Retirement—While it is nice to think that upon retirement, spouses will be sitting on the beach together, holding hands and sipping cocktails, the truth is that each spouse might have an entirely different vision of retirement. One person might want to relocate, while the other might want to continue working or volunteering. These disagreements can create conflict, which may lead spouses to decide they no longer wish to stay married after retirement.
Unemployment or Other Major Job Changes—If a family experiences a loss of income, due to unemployment, pay reductions, demotions, or any other reasons, the stress of financial difficulties will come to bear, and this is one of the most common factors that can contribute to divorce.
Childbirth—The daily stress of sharing in the care for a new baby can put just about any relationship to the test, especially if the lines of communication are already a bit weak. In some cases, these stresses can lead to the breakdown of a relationship and a subsequent divorce.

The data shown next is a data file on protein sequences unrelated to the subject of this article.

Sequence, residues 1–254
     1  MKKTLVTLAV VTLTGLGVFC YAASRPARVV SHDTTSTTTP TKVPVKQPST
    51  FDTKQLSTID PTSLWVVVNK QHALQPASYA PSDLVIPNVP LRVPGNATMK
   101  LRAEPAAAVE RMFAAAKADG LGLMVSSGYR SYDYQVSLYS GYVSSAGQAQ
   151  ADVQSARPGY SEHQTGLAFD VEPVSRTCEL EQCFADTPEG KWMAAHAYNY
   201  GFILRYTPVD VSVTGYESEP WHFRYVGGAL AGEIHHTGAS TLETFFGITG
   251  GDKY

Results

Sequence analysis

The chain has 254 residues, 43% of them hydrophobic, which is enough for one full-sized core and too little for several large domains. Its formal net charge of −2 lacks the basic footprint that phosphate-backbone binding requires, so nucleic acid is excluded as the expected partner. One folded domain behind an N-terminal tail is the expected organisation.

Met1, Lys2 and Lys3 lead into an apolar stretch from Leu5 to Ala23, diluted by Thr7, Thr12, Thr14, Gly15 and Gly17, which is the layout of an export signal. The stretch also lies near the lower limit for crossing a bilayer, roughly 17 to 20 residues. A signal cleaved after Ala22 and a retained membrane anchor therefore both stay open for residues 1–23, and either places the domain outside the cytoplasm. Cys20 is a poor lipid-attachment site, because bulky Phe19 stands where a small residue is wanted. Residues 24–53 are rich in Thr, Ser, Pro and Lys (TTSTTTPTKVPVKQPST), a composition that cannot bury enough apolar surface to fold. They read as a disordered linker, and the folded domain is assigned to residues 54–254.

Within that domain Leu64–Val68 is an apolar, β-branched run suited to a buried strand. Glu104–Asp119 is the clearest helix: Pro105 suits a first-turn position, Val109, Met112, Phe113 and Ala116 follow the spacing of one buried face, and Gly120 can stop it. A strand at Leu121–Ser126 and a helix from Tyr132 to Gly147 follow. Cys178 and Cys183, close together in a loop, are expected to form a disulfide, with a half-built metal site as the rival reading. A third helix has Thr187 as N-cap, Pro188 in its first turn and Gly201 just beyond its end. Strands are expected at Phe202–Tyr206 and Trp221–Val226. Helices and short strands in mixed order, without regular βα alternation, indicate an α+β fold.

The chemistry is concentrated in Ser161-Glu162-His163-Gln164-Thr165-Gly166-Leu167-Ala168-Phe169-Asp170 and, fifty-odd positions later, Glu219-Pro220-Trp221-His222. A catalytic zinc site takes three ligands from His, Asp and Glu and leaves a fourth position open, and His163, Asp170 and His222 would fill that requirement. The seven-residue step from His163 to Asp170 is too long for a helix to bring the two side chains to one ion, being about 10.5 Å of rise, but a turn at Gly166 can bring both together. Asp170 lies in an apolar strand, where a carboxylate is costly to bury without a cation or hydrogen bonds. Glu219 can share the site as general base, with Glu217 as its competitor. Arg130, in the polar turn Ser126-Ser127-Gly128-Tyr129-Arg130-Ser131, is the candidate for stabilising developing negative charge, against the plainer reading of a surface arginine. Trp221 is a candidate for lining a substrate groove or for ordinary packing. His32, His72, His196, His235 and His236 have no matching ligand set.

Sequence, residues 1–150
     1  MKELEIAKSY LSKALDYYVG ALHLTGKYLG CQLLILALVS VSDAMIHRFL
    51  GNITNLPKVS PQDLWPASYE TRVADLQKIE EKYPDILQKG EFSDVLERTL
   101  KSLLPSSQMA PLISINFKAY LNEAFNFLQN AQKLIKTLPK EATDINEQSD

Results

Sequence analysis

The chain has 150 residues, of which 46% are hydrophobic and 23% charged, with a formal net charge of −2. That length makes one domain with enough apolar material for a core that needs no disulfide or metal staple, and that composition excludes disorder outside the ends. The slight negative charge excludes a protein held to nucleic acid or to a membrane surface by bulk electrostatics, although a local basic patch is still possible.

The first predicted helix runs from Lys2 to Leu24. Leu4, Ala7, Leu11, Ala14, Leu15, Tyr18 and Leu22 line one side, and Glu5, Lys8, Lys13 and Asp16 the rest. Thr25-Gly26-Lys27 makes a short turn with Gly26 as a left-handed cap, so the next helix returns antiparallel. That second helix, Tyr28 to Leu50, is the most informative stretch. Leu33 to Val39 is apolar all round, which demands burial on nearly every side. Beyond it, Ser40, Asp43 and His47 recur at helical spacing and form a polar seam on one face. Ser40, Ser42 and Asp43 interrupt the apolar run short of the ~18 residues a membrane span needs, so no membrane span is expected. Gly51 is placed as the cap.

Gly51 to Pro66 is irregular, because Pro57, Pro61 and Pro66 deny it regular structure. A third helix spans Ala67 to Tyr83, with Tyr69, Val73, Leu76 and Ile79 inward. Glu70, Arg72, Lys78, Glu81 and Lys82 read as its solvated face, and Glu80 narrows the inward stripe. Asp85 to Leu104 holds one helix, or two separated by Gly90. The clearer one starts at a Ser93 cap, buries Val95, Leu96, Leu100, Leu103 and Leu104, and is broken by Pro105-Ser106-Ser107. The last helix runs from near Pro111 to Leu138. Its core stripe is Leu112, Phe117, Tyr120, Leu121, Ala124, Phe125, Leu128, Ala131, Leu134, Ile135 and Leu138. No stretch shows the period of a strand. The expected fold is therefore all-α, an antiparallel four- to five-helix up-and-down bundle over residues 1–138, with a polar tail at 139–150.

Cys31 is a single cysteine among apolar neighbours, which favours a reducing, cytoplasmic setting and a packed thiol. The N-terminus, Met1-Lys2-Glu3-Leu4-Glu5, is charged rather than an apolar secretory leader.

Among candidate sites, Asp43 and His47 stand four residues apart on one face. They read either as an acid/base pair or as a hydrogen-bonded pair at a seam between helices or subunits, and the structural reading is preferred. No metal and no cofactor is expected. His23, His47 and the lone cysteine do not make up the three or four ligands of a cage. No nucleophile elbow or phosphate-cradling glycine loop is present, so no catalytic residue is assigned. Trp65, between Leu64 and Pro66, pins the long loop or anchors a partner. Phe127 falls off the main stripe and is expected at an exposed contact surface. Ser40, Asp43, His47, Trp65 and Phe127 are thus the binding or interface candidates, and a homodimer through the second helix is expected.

Illness or Death in the Family—If one spouse or another family member gets sick with a chronic illness, then the entire dynamic of the relationship can change. One spouse might have more responsibilities than the other during this time, and a sick spouse may become more dependent than he/she ever wanted to be. The stress that an illness can put on a relationship may make divorce unavoidable.
Living Apart for an Extended Period of Time—As is often the case with soldiers who get deployed to war, any couple that needs to be separated for a long time may struggle to maintain their relationship.
Major Trauma—From car accidents to wartime scars, witnessing a violent crime, or experiencing a natural disaster, there are many major traumas that spouses may experience. If one or both spouses have problems coping with the trauma, this can take a toll on their relationship.